The Rams took a big swing in upgrading from Jared Goff to Matthew Stafford and got a Super Bowl championship out of it. They remain extremely top-heavy with their star-studded roster, but as long as the key players are healthy, they're going to remain one of the best teams in the league.
Record: 12 - 5 (3)
PPG: 27.1 (7)
YPG: 372.1 (9)
Pass YPG: 273.1 (5)
Rush YPG: 99.0 (25)
PAPG: 35.7 (10)
RAPG: 24.7 (23)
2021 Fantasy finishes
Number to know: 12.6
That's how many points Sony Michel has averaged in 10 career games where he's played 39% or more of snaps. Now, it's fair to note that this sample is 40% made up of the playoff run from this season, when Akers was potentially less than 100% healthy and faced an incredibly tough stretch of run defenses, so let's exclude those games. That's fine.
In his final six games after becoming the lead back as a rookie in 2020, Akers averaged a much healthier 16.6 PPR points per game, which would have been the No. 10 RB last season. When we talk about Akers upside, that's what we're aiming for, though even that stretch was probably a bit less impressive than you actually remember. Akers needed 132 carries in those six games to get to those totals, because he wasn't used much as a pass-catcher and wasn't terribly efficient as a runner -- he averaged 4.25 yards per carry.
Which is to say, the evidence we have that Akers is some kind of difference-making running back is pretty thin. I guess the good news is that it's not clear you have to be a difference maker to be a must-start option in this offense -- Sony Michel and Darrell Henderson averaged 15.1 Fantasy points per game in their 17 combined games as the starter (only counting the stats for the back who started each game). This is a great offense and there's certainly an opportunity for Akers to be a low-end RB1 even if he isn't necessarily a superstar in his own right.
3. (104) Logan Bruss, OL
4. (142) Decobie Durant, DB
5. (164) Kyren Williams, RB
6. (211) Quentin Lake, DB
6. (212) Derion Kendrick, DB
7. (235) Daniel Hardy, LB
7. (253) Russ Yeast, DB
7. (261) AJ Arcuri, OT
215 carries, 33 RB targets, 117 WR targets, 1 TE target
Chris Towers' projections
|QB||Matthew Stafford||PA: 600, YD: 4498, TD: 35, INT: 12; RUSH -- ATT: 22, YD: 32, TD: 1|
|RB||Cam Akers||CAR: 237, YD: 1019, TD: 9, TAR: 36, REC: 27, YD: 229, TD: 1|
|RB||Darrell Henderson||CAR: 129, YD: 543, TD: 5, TAR: 48, REC: 35, YD: 211, TD: 1|
|WR||Cooper Kupp||TAR: 172, REC: 120, YD: 1443, TD: 9|
|WR||Allen Robinson||TAR: 126, REC: 76, YD: 908, TD: 6|
|WR||Van Jefferson||TAR: 84, REC: 55, YD: 602, TD: 3|
|TE||Tyler Higbee||TAR: 84, REC: 60, YD: 603, TD: 3|
Is Cam Akers worth the risk?
There aren't many success stories for running backs coming back from a ruptured Achilles, so Akers making it back at all last season counts. It looked like the hype from his return might carry him to a top-20 ADP at first; however, facing a murderer's row of tough rush defenses, he averaged just 2.6 yards per carry in the playoffs and had just eight catches in four games. He's a controversial player, a potential every-down back married to a high-level offense, but there are very fair questions about whether he's good enough to be worth that role. There's plenty of upside with Akers, but there's also considerable risk.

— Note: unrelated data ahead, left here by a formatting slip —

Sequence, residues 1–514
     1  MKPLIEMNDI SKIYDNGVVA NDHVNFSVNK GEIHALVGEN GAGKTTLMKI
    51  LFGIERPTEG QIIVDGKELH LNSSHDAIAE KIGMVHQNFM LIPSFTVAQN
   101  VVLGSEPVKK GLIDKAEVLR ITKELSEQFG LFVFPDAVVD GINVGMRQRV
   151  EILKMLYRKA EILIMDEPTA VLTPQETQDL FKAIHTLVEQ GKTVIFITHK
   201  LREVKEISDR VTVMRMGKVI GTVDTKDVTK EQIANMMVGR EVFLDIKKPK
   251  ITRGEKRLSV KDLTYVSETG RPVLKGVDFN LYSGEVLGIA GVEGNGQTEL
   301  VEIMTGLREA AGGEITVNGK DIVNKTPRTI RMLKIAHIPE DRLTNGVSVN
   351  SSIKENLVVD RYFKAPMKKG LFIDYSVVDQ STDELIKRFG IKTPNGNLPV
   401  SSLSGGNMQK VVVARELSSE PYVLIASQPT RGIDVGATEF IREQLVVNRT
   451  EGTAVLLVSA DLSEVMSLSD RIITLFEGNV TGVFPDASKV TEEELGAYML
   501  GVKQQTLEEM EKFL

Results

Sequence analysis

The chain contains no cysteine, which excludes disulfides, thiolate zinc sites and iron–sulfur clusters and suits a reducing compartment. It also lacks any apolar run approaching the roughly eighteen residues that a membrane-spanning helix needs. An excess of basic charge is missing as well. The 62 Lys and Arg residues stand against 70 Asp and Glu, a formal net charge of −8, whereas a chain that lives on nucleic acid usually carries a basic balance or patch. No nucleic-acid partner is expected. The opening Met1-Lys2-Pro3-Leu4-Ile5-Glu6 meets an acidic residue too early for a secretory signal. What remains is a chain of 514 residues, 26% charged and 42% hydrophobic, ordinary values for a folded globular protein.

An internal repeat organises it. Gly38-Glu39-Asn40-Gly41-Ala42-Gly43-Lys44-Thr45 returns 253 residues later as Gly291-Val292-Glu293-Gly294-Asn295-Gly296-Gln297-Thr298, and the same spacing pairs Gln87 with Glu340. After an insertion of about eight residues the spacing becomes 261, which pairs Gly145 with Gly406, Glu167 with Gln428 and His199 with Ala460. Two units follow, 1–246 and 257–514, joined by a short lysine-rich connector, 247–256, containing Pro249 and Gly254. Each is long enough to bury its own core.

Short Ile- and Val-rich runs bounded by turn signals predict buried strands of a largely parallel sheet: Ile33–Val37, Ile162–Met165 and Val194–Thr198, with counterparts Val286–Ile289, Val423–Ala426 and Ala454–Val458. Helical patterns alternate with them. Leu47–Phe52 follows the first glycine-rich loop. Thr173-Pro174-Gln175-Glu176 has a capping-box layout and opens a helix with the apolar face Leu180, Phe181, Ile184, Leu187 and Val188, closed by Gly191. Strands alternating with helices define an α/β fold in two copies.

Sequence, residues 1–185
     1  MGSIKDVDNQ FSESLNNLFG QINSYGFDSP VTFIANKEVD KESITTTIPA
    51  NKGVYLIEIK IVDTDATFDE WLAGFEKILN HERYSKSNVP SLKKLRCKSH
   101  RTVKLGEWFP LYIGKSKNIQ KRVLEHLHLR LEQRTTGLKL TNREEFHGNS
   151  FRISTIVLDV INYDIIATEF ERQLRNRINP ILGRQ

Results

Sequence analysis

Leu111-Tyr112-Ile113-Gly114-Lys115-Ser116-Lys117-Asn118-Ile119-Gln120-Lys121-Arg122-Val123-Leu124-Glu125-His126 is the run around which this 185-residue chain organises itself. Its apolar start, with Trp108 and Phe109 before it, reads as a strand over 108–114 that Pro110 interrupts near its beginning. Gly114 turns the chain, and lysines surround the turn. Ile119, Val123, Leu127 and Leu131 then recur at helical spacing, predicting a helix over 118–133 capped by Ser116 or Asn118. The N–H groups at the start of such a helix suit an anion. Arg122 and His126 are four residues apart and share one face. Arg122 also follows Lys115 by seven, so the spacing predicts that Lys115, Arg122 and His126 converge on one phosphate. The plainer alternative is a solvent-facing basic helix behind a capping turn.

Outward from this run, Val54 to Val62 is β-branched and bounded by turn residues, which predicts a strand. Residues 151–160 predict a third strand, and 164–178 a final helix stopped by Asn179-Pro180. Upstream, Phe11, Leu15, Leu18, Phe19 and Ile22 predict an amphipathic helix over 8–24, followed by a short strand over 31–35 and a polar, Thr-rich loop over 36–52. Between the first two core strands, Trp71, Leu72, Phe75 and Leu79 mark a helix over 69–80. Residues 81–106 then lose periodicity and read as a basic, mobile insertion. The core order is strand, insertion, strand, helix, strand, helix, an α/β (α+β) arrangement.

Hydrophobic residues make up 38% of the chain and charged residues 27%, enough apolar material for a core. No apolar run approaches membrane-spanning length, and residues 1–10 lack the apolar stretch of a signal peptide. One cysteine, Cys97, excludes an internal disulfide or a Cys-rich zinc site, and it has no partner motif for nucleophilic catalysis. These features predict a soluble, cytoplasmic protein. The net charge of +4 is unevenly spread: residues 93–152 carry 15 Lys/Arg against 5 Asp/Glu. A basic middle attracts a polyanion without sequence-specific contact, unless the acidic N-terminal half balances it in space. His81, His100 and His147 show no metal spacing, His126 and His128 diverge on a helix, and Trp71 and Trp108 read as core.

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One sleeper, one breakout and one bust
We saw what Henderson can do last season, as he averaged 15.7 PPR points per game in his 10 starts, though at this point in his NFL career, I think we can safely say Henderson has trouble staying healthy. That's a concern when you have to invest real draft picks in him and rely on him as a significant part of your starting lineup. However, when he's routinely going in the double-digit rounds as an insurance policy for a running back who looked a full step slow coming off a ruptured Achilles last season, there's no downside to taking a chance on Henderson late in your drafts.
This is more of a bounce-back than a breakout, with the obvious caveat that Robinson may just be done. However, he's still just 29 and only two years removed from a 102-1,250-6 season, so I'm willing to give him at least some benefit of the doubt now that he's in a much better situation. Remember, Odell Beckham looked pretty washed up coming off a torn ACL last season and he put up seven touchdowns in 12 games with the Rams. This is such a good situation for Robinson to be in as the No. 2 WR in a high-volume, high-efficiency passing attack, that I'm willing to take a chance on him as my WR2 -- and if I can get him as my WR3, I'm pretty thrilled.
I'm actually less out on Akers than I thought I would be now that we're starting to see some real ADP data, because I was worried the price was just going to be too high to justify. In NFC ADP, he's sitting at 29.1 in early July, RB15, and while that's still too early for me to take him in most drafts, I can't make too strong of an argument against it -- there's obvious upside here. The problem comes if Akers' price starts to rise with good reports out of training camp. I get the sense a lot of Fantasy analysts and players are looking for any reason to buy into Akers, who was viewed by many players as a superstar-caliber player this time last season. I'm not sure he was that even before the injury, but it's much more difficult to buy into coming off that ruptured Achilles, an injury with a very poor track record for running backs. As a third or preferably fourth-round pick, Akers is fine. Any more than that, and I'm out.